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I was checking the normal AC 110V to DC adaptor that comes with my Nintendo Wii and it says "52W" but my only options for buying are 50W, 60W or 100W.

I am assuming the 50W won't be enough so I don't know if I should buy 60W or 100W.

Thanks in advance!

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I think this belongs at electronics.stackexchange.com more than Gaming; we're not the mad scientists. :) –  Frank Aug 1 '12 at 18:54
    
Yeah I was just wondering if some Nintendo gamer has already had this good/bad experience... but I think you may be right, I'll probably try over there as well, thanks! –  ryouji_shiki Aug 1 '12 at 18:58

2 Answers 2

up vote 3 down vote accepted

You'd probably be fine with either a 60W or a 100W step-down converter - if the Wii power brick draws at most 52W, the transformer has to be able to supply at least that amount as well. This means that either 60W or 100W would be sufficient, but 50W would be pushing it.

However, I highly suggest just buying a new power brick for the country you live in. Replacement power supplies for consoles tend to be fairly cheap, and you're much more likely to end up with something that has been tested and works properly with your device.

When shopping for transformers to take my DS with me to Europe, I found that many people reported the transformers didn't work properly with their electronics. Buying a local DS power adapter worked like a charm, though. Best of all, it worked with 110V as well (just requires a plug adapter) so I was able to use it after I returned to the US.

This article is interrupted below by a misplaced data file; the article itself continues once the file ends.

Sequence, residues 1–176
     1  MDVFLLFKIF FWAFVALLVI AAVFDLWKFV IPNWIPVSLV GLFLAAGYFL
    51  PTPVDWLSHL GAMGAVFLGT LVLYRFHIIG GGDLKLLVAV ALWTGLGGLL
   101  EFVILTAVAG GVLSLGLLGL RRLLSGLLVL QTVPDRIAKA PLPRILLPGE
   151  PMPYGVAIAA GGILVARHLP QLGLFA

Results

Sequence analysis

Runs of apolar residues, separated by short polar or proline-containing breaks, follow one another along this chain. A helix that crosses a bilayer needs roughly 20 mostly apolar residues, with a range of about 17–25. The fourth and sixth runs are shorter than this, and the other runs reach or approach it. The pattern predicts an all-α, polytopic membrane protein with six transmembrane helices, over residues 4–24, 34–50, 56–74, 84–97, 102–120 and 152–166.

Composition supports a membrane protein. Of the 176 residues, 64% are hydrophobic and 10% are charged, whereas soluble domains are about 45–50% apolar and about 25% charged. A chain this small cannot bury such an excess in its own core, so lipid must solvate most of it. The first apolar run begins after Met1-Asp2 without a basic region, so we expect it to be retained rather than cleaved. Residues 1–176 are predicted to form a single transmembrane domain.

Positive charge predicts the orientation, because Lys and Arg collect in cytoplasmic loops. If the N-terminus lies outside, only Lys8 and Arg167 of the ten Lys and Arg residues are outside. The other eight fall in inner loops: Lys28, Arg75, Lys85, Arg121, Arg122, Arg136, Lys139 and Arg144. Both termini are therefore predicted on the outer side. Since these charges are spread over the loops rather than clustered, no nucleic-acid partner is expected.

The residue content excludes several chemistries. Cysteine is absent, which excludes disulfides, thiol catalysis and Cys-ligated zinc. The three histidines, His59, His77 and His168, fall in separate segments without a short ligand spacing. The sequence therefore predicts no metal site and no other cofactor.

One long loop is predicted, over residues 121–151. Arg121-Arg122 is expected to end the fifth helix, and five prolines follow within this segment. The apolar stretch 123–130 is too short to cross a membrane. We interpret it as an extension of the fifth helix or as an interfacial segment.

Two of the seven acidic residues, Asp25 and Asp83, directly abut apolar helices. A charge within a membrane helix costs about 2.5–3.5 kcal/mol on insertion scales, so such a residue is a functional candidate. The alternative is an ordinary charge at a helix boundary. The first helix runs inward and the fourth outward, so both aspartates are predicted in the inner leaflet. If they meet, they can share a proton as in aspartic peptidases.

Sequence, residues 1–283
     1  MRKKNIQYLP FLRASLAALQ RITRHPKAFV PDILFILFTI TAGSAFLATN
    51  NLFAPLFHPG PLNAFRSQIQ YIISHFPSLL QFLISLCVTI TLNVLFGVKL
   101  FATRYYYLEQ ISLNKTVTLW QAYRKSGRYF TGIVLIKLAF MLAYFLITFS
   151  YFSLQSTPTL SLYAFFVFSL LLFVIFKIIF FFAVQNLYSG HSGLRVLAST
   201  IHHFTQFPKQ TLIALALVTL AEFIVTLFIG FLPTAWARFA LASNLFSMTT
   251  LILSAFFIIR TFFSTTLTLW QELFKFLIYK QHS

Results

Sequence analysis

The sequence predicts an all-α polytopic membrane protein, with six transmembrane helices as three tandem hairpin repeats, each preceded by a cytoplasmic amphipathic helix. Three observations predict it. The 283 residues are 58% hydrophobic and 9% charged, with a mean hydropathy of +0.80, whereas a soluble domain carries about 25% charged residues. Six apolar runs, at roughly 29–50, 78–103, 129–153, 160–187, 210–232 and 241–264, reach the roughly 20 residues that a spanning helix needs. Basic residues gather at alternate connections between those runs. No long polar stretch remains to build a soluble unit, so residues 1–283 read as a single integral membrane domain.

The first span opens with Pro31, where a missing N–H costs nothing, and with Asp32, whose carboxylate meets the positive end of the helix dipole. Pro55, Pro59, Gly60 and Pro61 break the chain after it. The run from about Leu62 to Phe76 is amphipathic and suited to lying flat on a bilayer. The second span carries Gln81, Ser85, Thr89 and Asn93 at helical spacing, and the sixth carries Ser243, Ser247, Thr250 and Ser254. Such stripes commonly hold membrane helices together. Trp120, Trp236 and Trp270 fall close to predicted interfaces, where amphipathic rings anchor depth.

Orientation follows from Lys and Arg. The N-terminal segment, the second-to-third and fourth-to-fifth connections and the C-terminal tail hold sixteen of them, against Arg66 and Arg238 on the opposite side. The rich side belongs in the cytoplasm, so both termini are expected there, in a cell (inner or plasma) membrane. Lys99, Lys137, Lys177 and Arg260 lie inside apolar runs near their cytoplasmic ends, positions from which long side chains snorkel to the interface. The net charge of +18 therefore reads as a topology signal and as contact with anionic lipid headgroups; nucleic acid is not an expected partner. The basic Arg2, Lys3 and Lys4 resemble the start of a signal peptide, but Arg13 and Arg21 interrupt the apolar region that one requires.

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Great, thanks a lot! –  ryouji_shiki Aug 1 '12 at 19:08

The best thing would be to buy a legit Nintendo adapter. If this really isn't an option than anything 52W or over should do since the amount of power the device draws is the limits the incoming amount. This is why an adapter usually says something like '1 A max' which means it can support up to one ampère of current.

Since P = U*I (or wattage is voltage times amperage) the maximum current the original adapter can supply would be about 2 A. Any higher wattage adapters can supply more, but way more is unnecessary.

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thanks! great answer, but I chose the other answer because the elaboration and example, sorry –  ryouji_shiki Aug 1 '12 at 19:08

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